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A Digital Scrapbook for the Past, Present, and Future

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Of (the Tartars) manners both good and bad (around 400 years ago)
|| 4/19/2008 || 3:26 pm || Comments Off on Of (the Tartars) manners both good and bad (around 400 years ago) || ||

1732 Map of Great Tartary by Herman Moll
Obtained from the David Rumsey Map Collection

Today’s entry follows up my successful layout of Ovid’s Remedia Amoris / The Cure for Love and employs the same side by side Latin / English text. Below you will find Chapter 5 of Richard Hakluyt’s The Principal Navigations, Voiages, Traffiques and Discoueries of the English Nation – Volume 2 published 1598-1600 in London, England.

Richard Hakluyt was an English author, editor, translator, and personal chaplain to Sir Robert Cecil, 1st Earl of Salisbury, principal Secretary of State to Elizabeth I and James I. A great history of his life and works can be found in his Wikipedia entry. Most notably, he was one of the biggest advocates for English colonization of Virginia. Some of his other exploration-related works include the Discovery of Muscovy, Voyagers Tales, Voyages in Searth of the North-West Passage, and numerous similar volumes related to The Principal Navigations, Voiages, Traffiques and Discoueries of the English Nation (Project Gutenberg lists a total of 12 volumes altogether).

In the chapter below he describes the manners of the people of Tartary. This antiquated geographic name was used by Europeans from the Middle Ages until the twentieth century to designate the great tract of northern and central Asia stretching from the Caspian Sea and the Ural Mountains to the Pacific Ocean (see map above). Inhabited by Turkic and Mongol peoples of the Mongol Empire who were generically referred to as “Tartars”, the present day geography includes the current areas of Siberia, Turkestan (including East Turkestan), Greater Mongolia, and parts China. In many ways the book reminds me of how an antiquarian National Geographic article might have read. The aim of this book, and many of his other works, was to consolidate what others had written about different regions around the known world and in doing so help spread the diffusion of geographic & ethnographic knowledge.

Lastly, in regards to the transcription below, I did not modify the original Project Gutenberg text, so when reading please note that there are some typographic differences in the old English and contemporary English. Remember to change the lowercase V to a lowercase U and in some cases, change the I’s to J’s. I did consider updating the text to modern English, but in some ways I feel that it would be better to keep the text in it’s originally transcribed format. Unlike Ovid’s Remedia Amoris / The Cure for Love, I did not include the line numbers because they were not given in the original text. I did, however, separate the text into easy to read paragraphs. If you are reading this entry via Google Reader, the chapter can be better read by hiding the sidebar that shows your subscriptions by clicking the small arrow on the left separator or by pressing “u” on your keyboard to switch to wide screen.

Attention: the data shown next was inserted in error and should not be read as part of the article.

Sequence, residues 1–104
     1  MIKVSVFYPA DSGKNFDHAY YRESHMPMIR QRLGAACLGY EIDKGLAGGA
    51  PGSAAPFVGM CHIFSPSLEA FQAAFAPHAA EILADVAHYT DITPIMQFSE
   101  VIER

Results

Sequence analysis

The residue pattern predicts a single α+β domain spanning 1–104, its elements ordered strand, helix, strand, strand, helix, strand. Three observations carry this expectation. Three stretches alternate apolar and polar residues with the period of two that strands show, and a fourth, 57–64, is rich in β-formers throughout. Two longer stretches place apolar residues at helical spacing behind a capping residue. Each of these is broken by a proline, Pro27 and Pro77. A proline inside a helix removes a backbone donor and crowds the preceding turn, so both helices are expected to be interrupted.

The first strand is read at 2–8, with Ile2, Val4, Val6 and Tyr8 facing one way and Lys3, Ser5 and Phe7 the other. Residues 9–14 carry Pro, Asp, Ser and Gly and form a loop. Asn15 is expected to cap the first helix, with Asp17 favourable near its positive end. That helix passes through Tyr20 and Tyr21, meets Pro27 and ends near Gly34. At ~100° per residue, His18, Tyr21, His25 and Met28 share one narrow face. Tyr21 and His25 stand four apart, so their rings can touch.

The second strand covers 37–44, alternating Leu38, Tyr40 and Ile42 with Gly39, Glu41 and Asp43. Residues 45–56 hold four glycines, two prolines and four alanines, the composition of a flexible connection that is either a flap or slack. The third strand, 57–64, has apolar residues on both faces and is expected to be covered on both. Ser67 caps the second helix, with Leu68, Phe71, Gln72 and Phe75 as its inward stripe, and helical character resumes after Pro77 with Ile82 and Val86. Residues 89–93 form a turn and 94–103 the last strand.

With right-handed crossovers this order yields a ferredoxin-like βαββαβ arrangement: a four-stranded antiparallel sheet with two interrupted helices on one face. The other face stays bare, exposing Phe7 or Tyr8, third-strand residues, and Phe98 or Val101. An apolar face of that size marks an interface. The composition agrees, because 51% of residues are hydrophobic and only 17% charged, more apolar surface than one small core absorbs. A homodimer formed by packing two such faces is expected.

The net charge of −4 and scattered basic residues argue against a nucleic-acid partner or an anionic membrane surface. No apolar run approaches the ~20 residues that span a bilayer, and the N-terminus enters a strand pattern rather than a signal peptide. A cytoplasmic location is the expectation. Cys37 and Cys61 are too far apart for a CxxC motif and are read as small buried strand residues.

I hope you enjoy reading it as much as I did:

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The Yu Ji Tu map [1137] and a map of the distribution of Moslems in China [1922] via Rev. Claude L. Pickens, Jr.’s trip to northwest China [1936]
|| 4/11/2008 || 6:42 pm || Comments Off on The Yu Ji Tu map [1137] and a map of the distribution of Moslems in China [1922] via Rev. Claude L. Pickens, Jr.’s trip to northwest China [1936] || ||

Page 6 of Rev. Claude L. Pickens, Jr. photo album featuring the photograph of the Yu Ji Tu
Image from the Harvard University Library

Last night I came across Harvard Library’s digitized photo album of Rev. Claude L. Pickens, Jr.’s trip to northwest China. Of all things to have on the inside of the album cover, there was a small map showing “Moslems in China”. After flipping through a few pages I spotted a photograph of one of China’s most famous maps: the Yu Ji Tu.

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The Shanghai Map
|| 8/2/2007 || 10:13 am || Comments Off on The Shanghai Map || ||

: rendered at 18,000 X 12,000 :
The Shanghai Map by Nikolas Schiller

A little over a month ago a Chinese friend of mine moved from DC back to Shanghai, China. While we were chatting on-line I asked her if she’d be able to send me some text in Chinese so I could use it on some maps. The first use of this text was the banners I made a couple weeks ago and today marks my first use of the text on an actual map.

The map was created from a Terra satellite image taken of eastern China on April 4th, 2004. The text simply says “map,” and with the location & text combined, you get the title, “The Shanghai Map.”

Unlike any of the quilt projection maps before this, I decided to use only one tessellation rotated 45 degrees. This switch-up is because I’ve never used Simplified Chinese before on a map and wanted this one to be completely unique. With the colors, text, and type of tessellation, I am quite pleased with this map and I look forward to using the text she supplied me for future maps!

View the Google Map of the area around Shanghai, China.

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Nikolas Schiller is a second-class American citizen living in America's last colony, Washington, DC. This blog is my on-line repository of what I have created or found on-line since May of 2004. If you have any questions or comments, please contact:

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